Why SC held that a Juvenile aged between 16-18 years cannot be tried as an adult for committing offence U/S 304 IPC?

  • A ‘X’ ran down a young man with his over speeding Mercedes Benz. Also before this incident thrice traffic violations were reported against his father’s car which was driven by him. The juvenile at the time of accident was above 16 years but below 18 years.
  • As per the Juvenile Justice (Care and Protection of Children) Act, 2015 there are three types of offences.
  1. Heinous offences includes the offences for which the minimum punishment under the or any other law is imprisonment for seven years or more;
  2. Petty offences includes the offences for which the maximum punishment under the IPC or any other law is imprisonment upto three years;
  3. Serious offences includes the offences for which the punishment under the IPC or any other law is imprisonment between three to seven years.
  • Cases of petty and serious offences are to be disposed of by the Board, by following summons cases under the Cr.PC.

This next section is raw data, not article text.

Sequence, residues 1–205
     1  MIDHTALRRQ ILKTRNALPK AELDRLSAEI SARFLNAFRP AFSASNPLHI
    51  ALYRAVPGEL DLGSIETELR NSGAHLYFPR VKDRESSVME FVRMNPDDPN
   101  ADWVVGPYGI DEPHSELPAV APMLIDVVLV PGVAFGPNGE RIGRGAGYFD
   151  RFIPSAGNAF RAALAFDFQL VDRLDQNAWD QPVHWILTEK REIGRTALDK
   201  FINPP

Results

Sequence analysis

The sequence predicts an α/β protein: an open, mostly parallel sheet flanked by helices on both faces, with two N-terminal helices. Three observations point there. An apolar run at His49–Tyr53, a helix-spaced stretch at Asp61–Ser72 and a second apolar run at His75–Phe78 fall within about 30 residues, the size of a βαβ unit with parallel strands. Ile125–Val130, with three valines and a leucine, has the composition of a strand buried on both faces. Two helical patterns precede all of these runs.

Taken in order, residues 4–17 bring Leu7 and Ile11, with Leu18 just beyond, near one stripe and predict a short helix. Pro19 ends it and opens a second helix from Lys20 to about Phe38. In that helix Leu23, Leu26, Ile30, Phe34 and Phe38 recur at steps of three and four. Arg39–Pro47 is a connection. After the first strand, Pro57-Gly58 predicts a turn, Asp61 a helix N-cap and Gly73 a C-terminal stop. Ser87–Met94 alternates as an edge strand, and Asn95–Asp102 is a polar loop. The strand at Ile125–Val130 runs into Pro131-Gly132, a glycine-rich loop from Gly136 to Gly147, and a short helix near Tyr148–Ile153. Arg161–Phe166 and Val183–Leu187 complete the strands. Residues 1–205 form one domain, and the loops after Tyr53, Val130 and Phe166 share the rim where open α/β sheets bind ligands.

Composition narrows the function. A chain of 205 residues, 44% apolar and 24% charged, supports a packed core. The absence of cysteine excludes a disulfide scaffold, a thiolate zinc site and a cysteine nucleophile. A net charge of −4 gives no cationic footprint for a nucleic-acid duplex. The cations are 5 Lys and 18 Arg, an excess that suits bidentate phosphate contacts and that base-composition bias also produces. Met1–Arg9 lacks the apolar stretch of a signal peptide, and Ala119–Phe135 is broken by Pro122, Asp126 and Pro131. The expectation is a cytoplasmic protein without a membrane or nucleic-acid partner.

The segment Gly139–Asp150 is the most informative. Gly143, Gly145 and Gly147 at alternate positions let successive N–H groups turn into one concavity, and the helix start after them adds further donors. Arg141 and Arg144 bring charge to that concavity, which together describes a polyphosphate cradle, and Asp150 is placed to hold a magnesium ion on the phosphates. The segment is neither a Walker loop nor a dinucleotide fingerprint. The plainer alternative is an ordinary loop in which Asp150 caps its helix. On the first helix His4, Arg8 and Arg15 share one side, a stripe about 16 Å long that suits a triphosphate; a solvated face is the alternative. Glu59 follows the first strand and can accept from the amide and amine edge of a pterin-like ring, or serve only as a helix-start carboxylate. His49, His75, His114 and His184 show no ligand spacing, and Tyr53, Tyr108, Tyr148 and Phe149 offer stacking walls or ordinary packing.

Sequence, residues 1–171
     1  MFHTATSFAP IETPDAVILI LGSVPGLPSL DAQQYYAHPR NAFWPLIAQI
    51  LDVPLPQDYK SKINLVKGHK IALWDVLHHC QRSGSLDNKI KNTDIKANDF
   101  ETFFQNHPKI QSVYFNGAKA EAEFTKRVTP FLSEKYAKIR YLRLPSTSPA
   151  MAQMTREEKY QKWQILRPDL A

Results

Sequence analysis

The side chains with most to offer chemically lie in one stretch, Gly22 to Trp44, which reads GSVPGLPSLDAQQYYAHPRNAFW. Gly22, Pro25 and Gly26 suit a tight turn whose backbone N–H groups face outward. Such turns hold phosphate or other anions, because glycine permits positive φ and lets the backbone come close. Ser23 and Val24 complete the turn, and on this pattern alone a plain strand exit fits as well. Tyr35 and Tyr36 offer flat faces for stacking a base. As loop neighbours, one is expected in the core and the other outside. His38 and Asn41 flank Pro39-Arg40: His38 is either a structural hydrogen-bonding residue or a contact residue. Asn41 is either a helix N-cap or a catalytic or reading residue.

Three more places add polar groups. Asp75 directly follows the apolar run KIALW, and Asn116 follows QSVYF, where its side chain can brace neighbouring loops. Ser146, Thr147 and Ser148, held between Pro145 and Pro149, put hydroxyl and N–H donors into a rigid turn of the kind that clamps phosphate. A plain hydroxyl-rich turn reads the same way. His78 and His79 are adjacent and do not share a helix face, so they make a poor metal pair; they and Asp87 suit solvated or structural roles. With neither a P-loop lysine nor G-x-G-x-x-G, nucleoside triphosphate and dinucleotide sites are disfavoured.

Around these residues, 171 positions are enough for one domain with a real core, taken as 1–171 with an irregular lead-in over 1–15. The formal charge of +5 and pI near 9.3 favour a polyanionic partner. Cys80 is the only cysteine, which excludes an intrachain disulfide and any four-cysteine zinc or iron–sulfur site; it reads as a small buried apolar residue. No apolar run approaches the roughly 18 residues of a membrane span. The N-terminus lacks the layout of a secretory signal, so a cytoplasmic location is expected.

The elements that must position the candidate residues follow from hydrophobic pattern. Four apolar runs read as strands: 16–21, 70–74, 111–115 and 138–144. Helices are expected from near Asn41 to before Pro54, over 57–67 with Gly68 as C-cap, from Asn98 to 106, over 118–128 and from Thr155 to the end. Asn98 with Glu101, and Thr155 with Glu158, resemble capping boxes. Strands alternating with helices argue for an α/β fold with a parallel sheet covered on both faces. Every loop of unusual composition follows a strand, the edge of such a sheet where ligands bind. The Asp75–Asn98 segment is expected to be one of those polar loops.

• In case of heinous offences the Juvenile Justice Board can conduct a preliminary assessment with regard to the mental capacity and ability to understand the consequences of the committed by the juvenile. If the board finds that there is a need for a trial as an , then he will be tried in a Children’s Court.
  • The offence committed by the juvenile comes under Sec 304 of the IPC, the punishment for which may extend to ten years, but there is no minimum punishment mentioned. So, the offence doesn’t categorised into the petty, serious or heinous under Juvenile Justice Act.
  • The held that such type of offences are to be treated as ‘Serious Offences’ for Juvenile Justice Act.
  • The Supreme Court used the power of Art. 142 of the Constitution and held that category of offences viz., offence where the maximum sentence is less than 7, shall be treated as ‘Serious Offence’ within the meaning of Juvenile Justice Act. 
  • The Supreme Court observed that the scheme of  the Juvenile Justice (Care and Protection of Children) Act, 2015 is that children should be protected. And treating children as an adult is an exception.

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